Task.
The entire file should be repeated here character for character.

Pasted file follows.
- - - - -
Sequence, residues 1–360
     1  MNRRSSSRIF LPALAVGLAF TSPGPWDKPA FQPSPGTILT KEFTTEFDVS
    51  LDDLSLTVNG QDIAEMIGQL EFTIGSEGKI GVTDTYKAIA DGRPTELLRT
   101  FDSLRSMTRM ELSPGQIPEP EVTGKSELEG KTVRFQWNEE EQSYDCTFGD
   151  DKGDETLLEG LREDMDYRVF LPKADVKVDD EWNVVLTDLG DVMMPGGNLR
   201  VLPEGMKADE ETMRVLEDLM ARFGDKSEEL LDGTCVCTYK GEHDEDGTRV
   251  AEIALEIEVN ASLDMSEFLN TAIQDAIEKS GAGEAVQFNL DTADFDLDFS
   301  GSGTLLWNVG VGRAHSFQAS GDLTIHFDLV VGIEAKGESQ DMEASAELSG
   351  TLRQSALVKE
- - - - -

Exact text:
Sequence, residues 1–360
     1  MNRRSSSRIF LPALAVGLAF TSPGPWDKPA FQPSPGTILT KEFTTEFDVS
    51  LDDLSLTVNG QDIAEMIGQL EFTIGSEGKI GVTDTYKAIA DGRPTELLRT
   101  FDSLRSMTRM ELSPGQIPEP EVTGKSELEG KTVRFQWNEE EQSYDCTFGD
   151  DKGDETLLEG LREDMDYRVF LPKADVKVDD EWNVVLTDLG DVMMPGGNLR
   201  VLPEGMKADE ETMRVLEDLM ARFGDKSEEL LDGTCVCTYK GEHDEDGTRV
   251  AEIALEIEVN ASLDMSEFLN TAIQDAIEKS GAGEAVQFNL DTADFDLDFS
   301  GSGTLLWNVG VGRAHSFQAS GDLTIHFDLV VGIEAKGESQ DMEASAELSG
   351  TLRQSALVKE